There’s a lot of excitement over twisted bilayer graphene (TBG), and increasingly over other sorts of moiré heterostructures from 2d materials. In TBG, most of the interest is due to the discovery of many correlation phenomena that occur at partial filling of the mini-bands nearest the charge neutrality point. Theory says that they are very flat, and have novel topological aspects to them. The flatness explains their tendency to be unstable to interactions that induce the correlated states. But the details of that flatness still matter to any theory. There are lots of models for this – how do we know what is right? It would be great to be able to actually measure the bands in experiment.

The most sensitive way to measure bands experimentally is via quantum oscillations. Semiclassically, these are oscillations as a function of doping/field/etc due to interference of electron trajectories that go in closed orbits in momentum space. So one can learn about these orbits. Quantum mechanically, this is due to Landau level formation. Anyway, many groups have seen quantum oscillations in TBG in the regime where correlated states form. But guess what? They do not really agree with the naïve explanations based on most band theories. There are many discrepancies, but the most obvious one is that even close to charge neutrality, the “magic angle” samples do not show the oscillations that would be expected from Dirac cones at the corners of the moiré Brillouin zone. The expected behavior is actually seen at larger angles. So something different happens near the magic angles that needs to be explained.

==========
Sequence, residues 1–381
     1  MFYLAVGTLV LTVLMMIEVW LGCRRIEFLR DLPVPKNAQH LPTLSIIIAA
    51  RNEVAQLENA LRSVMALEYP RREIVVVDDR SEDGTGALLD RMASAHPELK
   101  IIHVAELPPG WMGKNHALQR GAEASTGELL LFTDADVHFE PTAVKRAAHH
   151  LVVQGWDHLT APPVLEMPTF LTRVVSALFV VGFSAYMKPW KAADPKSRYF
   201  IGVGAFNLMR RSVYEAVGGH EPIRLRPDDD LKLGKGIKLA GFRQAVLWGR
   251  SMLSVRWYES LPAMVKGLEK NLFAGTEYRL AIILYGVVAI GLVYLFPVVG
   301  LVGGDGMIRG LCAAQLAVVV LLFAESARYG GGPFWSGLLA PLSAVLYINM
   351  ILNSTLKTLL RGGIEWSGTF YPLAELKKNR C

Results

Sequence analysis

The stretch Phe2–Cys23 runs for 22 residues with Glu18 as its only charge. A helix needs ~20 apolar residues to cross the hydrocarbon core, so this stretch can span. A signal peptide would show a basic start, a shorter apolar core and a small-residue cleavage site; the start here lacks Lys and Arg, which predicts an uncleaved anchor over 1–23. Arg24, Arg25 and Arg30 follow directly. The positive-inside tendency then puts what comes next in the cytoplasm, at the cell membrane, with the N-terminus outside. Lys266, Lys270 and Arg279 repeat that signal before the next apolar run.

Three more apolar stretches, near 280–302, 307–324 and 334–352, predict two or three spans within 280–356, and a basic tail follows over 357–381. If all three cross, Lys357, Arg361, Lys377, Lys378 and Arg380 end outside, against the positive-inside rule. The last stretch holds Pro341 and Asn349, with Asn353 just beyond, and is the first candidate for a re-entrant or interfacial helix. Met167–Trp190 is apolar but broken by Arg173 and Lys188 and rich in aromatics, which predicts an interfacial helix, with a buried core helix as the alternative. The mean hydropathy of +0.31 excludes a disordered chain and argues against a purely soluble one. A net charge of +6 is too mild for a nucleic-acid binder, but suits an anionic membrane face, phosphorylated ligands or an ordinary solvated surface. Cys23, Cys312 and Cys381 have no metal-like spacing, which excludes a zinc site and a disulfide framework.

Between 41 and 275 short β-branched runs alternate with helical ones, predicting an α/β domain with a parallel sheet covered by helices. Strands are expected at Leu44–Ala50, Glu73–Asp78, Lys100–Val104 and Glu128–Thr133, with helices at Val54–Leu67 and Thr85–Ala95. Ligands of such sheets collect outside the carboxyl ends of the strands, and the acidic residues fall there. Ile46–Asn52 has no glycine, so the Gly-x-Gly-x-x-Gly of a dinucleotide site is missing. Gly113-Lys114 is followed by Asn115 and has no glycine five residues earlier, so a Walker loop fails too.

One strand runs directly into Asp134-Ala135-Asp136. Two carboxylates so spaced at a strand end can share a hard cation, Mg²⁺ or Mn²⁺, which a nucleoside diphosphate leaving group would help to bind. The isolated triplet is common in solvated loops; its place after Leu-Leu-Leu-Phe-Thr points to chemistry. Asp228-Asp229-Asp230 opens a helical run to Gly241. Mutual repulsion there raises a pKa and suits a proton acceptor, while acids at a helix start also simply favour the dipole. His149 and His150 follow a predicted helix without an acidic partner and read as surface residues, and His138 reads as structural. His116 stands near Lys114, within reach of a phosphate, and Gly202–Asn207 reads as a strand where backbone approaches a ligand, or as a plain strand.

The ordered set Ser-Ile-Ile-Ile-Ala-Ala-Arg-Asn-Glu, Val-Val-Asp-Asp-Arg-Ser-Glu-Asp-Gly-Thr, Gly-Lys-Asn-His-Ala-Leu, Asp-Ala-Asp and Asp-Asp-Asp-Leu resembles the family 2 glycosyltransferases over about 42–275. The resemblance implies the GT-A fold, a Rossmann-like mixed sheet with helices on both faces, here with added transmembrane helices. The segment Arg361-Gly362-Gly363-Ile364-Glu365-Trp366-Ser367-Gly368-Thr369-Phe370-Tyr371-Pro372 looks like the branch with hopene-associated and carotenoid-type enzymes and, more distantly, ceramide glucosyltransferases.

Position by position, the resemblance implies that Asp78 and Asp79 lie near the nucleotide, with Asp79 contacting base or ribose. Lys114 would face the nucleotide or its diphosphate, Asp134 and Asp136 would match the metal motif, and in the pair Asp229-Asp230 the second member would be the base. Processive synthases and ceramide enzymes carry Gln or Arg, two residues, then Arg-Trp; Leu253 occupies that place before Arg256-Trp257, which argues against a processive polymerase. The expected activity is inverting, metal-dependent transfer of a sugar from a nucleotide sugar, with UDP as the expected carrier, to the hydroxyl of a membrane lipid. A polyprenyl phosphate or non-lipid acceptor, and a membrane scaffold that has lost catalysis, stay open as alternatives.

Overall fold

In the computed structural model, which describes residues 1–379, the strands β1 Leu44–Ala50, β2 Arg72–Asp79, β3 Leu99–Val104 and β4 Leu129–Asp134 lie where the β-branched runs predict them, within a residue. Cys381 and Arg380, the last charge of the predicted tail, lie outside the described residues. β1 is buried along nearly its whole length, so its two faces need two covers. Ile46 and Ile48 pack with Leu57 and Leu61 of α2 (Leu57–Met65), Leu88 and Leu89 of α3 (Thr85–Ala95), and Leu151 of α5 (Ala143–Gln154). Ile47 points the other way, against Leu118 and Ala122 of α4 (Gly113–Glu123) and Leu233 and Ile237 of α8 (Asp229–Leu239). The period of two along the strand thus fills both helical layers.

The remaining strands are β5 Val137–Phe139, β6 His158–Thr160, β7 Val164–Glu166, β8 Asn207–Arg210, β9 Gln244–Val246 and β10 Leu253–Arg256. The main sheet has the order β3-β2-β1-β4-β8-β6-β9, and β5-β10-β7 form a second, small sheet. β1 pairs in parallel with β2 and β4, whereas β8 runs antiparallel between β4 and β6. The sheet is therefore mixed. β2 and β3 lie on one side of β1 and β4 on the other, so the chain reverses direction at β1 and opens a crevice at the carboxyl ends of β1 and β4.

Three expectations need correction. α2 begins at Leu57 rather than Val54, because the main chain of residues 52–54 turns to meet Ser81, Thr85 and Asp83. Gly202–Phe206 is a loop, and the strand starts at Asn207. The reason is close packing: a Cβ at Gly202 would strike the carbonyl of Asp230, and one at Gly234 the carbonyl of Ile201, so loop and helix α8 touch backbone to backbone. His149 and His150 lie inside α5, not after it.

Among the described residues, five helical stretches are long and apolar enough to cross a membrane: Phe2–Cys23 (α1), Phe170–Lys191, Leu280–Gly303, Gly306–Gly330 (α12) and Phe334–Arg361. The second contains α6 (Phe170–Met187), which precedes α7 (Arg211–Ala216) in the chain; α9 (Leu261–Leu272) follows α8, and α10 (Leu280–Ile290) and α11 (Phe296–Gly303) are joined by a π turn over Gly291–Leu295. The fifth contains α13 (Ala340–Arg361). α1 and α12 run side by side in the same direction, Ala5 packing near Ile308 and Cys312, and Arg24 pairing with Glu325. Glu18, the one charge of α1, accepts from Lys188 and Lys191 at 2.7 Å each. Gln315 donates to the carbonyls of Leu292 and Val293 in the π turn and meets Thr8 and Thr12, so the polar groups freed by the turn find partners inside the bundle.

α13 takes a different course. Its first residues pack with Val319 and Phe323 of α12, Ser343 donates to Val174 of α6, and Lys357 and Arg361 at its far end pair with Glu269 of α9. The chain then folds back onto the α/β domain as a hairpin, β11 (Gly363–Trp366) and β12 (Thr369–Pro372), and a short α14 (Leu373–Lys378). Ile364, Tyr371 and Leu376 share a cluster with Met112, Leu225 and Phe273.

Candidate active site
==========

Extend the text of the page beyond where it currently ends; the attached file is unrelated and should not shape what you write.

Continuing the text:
My students Kasra Hejazi and Chunxiao Liu and myself wondered if the differences might be related to topological changes that happen near the magic angles, in the “standard model” of these systems due mainly to Bistritzer and Macdonald. So these guys set out to do a fully honest calculation of the quantum oscillations. This is a variant of the Hofstadter “butterfly” problem, and the true electron spectrum is actually fractal. But they managed to subdue the beast of a challenge and work things out rather completely. Short answer: for certain angles in the “magic range” one indeed gets anomalous quantum oscillations consistent with experiment just from band structure. This is associated with additional topological transitions, or semi-classically to orbits that are not near the moiré zone corners.

This could be an explanation of the experiments! But maybe it is just a piece of the puzzle. The electron-electron interactions can and probably do modify the quantum oscillations. Maybe they could even “fix” the one dis-satisfying feature of our calculations: the anomalous oscillations only occur for a rather narrow range of angles. Maybe interactions make them more robust?

Anyway, the paper is out there – have a look: https://arxiv.org/abs/1903.11563